Central Paris has more than enough on offer
to keep any visitor occupied, but if time permits you should make at
least one foray out of the centre, whether your interest is in the
sumptuous Palace of Versailles, former home of the “Sun King” Louis XIV,
or in the Magic Kingdom of Disneyland Paris. The excellent metro system
makes for easy day trips to the area’s two main parks, the Bois de
Boulogne and the Bois de Vincennes, for a wide range of outdoor
activities, from boating to riding or in-line skating, or just strolling
amid pleasant greenery. In contrast to these bucolic pleasures is the
cutting-edge modern architecture of La Défense. Visually stunning, it
comprises Paris’s stylish new business district to the west of the city,
with added attractions in its exhibition centres. Two large cemeteries
outside the centre are worth a visit for their ornate tombs.
France, Great Britain, the USA, Italy and the
German Republic negotiated this agreement after World War I at
Versailles, which required Germany to demilitarize parts of its
territory, reduce the size of its army, abolish conscription, cease
trading in military equipment and to pay compensation. The Treaty was
signed on 28 June 1919.
top day-trip from Paris has to be Versailles. This stunning chateau,
begun by Louis XIV in 1664, is overwhelming in its opulence and scale.
Plan carefully what you want to see as even a full day may not be long
enough. Much of the palace is only accessible on a guided tour, so
arrive early as on sunny days the queues can be long .
Disneyland Resort Paris
Visitors with children will probably have no choice about whether
they visit the Paris branch of Disneyland or not. However, even parents
will enjoy the hi-tech workings and imagination behind such attractions
as “Pirates of the Caribbean” and “The Haunted House” .
The new Walt Disney Studios Park involves visitors interactively
through film, with a professional stunt show at the end and special
vision and flair coupled with Parisian style are clearly shown by this
modern urban development. This new business and government centre was
purposely built to the west of the city to allow the centre to remain
unmarred by skyscrapers. More than just offices, however, the area is
also an attraction in its own right, with stunning sights such as the
Grande Arche, a cube-like structure with a centre large enough to
contain Notre-Dame, and surrounded by artworks, a fountain, cafés and
Grande Arche, La Défense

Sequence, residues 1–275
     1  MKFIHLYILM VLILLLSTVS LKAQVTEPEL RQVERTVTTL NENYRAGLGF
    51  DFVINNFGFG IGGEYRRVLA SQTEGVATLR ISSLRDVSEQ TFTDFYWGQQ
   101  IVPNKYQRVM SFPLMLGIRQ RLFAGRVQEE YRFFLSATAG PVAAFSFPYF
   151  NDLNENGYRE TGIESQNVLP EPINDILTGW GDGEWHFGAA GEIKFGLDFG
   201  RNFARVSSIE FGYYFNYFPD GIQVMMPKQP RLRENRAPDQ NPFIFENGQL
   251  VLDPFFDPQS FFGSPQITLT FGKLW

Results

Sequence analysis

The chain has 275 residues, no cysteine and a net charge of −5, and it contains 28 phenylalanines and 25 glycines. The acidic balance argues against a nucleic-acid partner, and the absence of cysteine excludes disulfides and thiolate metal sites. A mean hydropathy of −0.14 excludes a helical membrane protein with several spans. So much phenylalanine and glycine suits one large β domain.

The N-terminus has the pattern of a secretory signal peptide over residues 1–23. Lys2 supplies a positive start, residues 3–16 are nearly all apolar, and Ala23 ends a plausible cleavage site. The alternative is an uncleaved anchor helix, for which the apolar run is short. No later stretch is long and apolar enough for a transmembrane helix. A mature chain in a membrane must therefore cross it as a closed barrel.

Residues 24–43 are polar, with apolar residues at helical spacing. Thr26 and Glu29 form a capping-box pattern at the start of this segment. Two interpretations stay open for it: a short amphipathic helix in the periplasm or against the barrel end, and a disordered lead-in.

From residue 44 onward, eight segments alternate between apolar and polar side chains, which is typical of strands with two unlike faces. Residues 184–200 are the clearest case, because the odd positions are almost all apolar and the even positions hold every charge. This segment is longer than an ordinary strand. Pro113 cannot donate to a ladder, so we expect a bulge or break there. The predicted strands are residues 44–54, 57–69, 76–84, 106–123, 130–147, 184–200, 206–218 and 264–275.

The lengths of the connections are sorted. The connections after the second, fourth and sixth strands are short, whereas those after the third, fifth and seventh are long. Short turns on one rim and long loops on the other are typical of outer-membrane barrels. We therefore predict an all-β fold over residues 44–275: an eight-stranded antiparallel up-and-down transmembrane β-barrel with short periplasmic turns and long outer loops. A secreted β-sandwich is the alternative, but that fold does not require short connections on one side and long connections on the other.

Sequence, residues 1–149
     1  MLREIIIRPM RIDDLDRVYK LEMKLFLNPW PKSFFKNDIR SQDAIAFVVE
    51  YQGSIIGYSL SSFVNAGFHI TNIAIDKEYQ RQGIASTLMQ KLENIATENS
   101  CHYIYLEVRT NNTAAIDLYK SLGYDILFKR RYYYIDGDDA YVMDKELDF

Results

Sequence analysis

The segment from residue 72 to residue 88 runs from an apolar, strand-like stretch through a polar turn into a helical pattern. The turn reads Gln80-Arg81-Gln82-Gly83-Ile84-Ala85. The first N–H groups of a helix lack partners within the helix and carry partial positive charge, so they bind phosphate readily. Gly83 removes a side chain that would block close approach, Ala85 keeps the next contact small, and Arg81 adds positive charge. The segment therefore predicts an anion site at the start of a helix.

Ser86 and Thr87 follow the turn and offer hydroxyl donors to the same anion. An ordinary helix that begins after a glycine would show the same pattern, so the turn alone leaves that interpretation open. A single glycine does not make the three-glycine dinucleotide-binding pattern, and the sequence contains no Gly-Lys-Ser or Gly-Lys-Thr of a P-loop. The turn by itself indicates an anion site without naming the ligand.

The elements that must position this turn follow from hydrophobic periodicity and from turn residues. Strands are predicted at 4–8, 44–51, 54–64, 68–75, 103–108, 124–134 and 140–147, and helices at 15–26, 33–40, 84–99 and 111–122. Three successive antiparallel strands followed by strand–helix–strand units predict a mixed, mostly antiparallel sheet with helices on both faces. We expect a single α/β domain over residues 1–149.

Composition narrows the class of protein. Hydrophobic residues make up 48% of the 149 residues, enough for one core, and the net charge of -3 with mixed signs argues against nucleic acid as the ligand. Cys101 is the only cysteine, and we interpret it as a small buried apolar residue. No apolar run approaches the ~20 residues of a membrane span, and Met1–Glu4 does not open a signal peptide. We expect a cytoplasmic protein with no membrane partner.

Bois de Vincennes
of the city lies the Bois de Vincennes, which has several lakes,
boating facilities, lovely formal gardens, a Buddhist centre and a
summer amusement park. The Château de Vincennes was a royal residence
before Versailles and has the tallest keep in Europe. The more energetic
can walk here all the way from the Bastille along the Promenade
Plantée, formerly a railway viaduct.
Bois de Boulogne
enormous park is the Parisians’ favourite green retreat, especially on
summer weekends when its 865 ha (2,135 acres) can become crowded. There
is plenty to do, apart from simply walking and picnicking, such as
cycling, riding, boating or visiting the various attractions. These
include parks within the park, two race courses and an art and folk museum. The park is open 24 hours a day, but avoid after dark.
Bois de Boulogne
Parc de la Villette
than just a park, this landscape was created in 1993 to a futuristic
design. It provides the usual park features of paths and gardens, but
modern sculptures, zany park benches and several major hi-tech
attractions offer a different edge. These include the interactive
science museum, the Cité des Sciences et de l’Industrie, a 60-seater
mobile hydraulic cinema, an Omnimax cinema, play areas for younger
children and a music institute .
Parc de la Villette
Montparnasse’s location is highly visible due to the 209-m
(685-ft) Tour du Montparnasse which offers spectacular views. Five
minutes’ walk away is the area’s main draw, the Cimetière du
Montparnasse, where the great writers Maupassant, Sartre, de Beauvoir,
Baudelaire and Samuel Beckett are buried. For breathtaking views of Paris by night visit the rooftop restaurant “Le Ciel de Paris.”
Tour du Montparnasse
open 8:30am–5:30pm daily
Cimetière du Père Lachaise
is the most visited cemetery in the world, largely due to rock fans who
come from around the world to see the grave of the legendary singer Jim
Morrison of The Doors. There are about one million other graves here,
in some 70,000 different tombs, including those of Chopin, Oscar Wilde,
Balzac, Edith Piaf, Colette, Molière and Delacroix (see Graves).
There are maps posted around the cemetery to enable you to find these
notable resting places, or a more detailed plan can be bought at the
kiosks around the grounds.
civilized little park is no further from the city centre than
Montmartre, yet it goes unnoticed by many visitors. It was created in
1778 by the Duc de Chartres and is still frequented by well-heeled
residents. The grounds are full of statues and an air of well-being.
Musée Marmottan-Claude Monet
Marmottan was an art historian and his 19th-century mansion now houses
the world’s largest collection of works by Claude Monet, including his Impression Soleil Levant
which gave the Impressionist movement its name. The collection was
donated by the artist’s son in 1971, and includes the artist’s
collection of works by Renoir and Gauguin.